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Open Access Highly Accessed Research article

Evidence that a West-East admixed population lived in the Tarim Basin as early as the early Bronze Age

Chunxiang Li12, Hongjie Li2, Yinqiu Cui12, Chengzhi Xie2, Dawei Cai1, Wenying Li3, Victor H Mair4, Zhi Xu5, Quanchao Zhang1, Idelisi Abuduresule3, Li Jin4, Hong Zhu1 and Hui Zhou12*

Author affiliations

1 Ancient DNA Laboratory, Research Center for Chinese Frontier Archaeology, Jilin University, Changchun 130012, PR China

2 College of Life Science, Jilin University, Changchun 130023, PR China

3 Xinjiang Cultural Relics and Archaeology Institute, Ürümchi 830000, PR China

4 Department of East Asian Languages and Civilizations, University of Pennsylvania, Philadelphia, PA 19104, USA

5 Key Laboratory of Genetic Engineering and Center for Anthropological Studies, School of Life Sciences, Fudan University, Shanghai 200433, PR China

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Citation and License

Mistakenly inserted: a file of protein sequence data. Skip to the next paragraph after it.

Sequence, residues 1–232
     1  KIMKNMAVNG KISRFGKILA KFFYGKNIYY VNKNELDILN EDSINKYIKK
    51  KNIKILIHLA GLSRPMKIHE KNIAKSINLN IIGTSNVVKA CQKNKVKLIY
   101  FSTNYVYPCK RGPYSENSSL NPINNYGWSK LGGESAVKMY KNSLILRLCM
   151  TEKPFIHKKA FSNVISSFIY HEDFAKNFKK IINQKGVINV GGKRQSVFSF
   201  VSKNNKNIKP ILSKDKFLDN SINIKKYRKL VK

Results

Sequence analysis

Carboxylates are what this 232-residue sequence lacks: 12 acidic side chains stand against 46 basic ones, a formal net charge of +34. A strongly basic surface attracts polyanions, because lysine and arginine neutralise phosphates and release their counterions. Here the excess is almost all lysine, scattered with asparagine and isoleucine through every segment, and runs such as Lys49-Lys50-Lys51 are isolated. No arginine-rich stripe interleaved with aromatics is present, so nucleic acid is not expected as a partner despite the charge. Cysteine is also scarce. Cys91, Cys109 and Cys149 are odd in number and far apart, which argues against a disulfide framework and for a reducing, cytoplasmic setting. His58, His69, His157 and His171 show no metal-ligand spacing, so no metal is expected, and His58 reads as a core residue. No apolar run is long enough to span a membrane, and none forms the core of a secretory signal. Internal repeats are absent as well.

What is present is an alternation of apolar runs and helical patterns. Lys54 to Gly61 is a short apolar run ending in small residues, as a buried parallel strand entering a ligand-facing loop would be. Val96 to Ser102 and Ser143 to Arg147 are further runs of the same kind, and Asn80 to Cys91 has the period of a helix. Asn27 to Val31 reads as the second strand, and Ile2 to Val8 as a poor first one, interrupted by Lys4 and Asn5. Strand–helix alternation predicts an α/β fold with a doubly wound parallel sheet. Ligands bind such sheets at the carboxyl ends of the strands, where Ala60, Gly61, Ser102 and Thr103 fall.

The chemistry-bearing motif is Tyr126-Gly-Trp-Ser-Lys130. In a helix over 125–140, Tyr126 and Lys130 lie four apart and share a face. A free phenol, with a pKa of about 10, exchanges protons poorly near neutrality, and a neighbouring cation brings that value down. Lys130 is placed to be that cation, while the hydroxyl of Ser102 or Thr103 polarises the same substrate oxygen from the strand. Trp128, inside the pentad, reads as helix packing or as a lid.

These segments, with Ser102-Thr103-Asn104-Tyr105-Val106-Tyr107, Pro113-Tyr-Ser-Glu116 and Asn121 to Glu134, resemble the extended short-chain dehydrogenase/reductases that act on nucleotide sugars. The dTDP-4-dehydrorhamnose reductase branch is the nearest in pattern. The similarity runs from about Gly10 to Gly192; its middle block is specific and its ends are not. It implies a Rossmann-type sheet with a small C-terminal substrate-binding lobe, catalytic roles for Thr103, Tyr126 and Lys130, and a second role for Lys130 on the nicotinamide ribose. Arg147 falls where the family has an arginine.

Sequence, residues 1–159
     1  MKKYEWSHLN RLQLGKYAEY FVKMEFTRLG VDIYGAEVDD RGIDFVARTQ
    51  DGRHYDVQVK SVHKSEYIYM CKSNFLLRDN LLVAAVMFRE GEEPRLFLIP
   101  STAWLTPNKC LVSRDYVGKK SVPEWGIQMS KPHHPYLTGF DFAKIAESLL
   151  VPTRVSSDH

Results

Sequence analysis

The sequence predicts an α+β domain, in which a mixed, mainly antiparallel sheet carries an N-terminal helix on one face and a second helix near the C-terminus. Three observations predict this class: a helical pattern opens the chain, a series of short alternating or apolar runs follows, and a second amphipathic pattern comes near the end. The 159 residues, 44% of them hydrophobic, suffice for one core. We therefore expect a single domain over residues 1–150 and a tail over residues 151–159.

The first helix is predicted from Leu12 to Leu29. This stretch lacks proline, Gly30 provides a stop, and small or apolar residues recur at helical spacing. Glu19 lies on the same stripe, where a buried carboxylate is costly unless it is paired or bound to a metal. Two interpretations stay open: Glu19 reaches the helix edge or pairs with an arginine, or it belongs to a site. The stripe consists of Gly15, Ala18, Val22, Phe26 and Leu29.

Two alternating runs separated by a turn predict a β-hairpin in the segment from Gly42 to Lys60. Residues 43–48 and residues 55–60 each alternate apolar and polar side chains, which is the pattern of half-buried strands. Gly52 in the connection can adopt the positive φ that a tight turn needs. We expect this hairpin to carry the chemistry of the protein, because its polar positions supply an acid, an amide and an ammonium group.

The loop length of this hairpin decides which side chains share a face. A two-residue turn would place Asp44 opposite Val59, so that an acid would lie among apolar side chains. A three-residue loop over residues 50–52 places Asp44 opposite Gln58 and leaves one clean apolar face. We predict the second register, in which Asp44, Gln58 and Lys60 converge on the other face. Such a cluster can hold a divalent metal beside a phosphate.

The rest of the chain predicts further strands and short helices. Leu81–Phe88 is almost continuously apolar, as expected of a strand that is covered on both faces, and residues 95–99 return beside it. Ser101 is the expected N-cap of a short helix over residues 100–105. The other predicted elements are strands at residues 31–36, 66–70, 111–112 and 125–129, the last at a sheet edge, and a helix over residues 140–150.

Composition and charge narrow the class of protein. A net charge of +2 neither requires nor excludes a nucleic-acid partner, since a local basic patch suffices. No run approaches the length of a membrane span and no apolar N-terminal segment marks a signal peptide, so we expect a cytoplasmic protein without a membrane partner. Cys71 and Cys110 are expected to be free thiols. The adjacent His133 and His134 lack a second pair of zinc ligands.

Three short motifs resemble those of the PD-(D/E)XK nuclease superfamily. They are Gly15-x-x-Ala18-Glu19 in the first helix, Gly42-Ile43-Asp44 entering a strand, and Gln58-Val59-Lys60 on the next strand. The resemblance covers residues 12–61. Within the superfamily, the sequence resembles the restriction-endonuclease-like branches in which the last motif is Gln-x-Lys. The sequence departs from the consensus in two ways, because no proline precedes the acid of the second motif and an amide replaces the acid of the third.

BMC Biology 2010, 8:15  doi:10.1186/1741-7007-8-15

Published: 17 February 2010

Abstract

Background

The Tarim Basin, located on the ancient Silk Road, played a very important role in the history of human migration and cultural communications between the West and the East. However, both the exact period at which the relevant events occurred and the origins of the people in the area remain very obscure. In this paper, we present data from the analyses of both Y chromosomal and mitochondrial DNA (mtDNA) derived from human remains excavated from the Xiaohe cemetery, the oldest archeological site with human remains discovered in the Tarim Basin thus far.

Results

Mitochondrial DNA analysis showed that the Xiaohe people carried both the East Eurasian haplogroup (C) and the West Eurasian haplogroups (H and K), whereas Y chromosomal DNA analysis revealed only the West Eurasian haplogroup R1a1a in the male individuals.

Conclusion

Our results demonstrated that the Xiaohe people were an admixture from populations originating from both the West and the East, implying that the Tarim Basin had been occupied by an admixed population since the early Bronze Age. To our knowledge, this is the earliest genetic evidence of an admixed population settled in the Tarim Basin.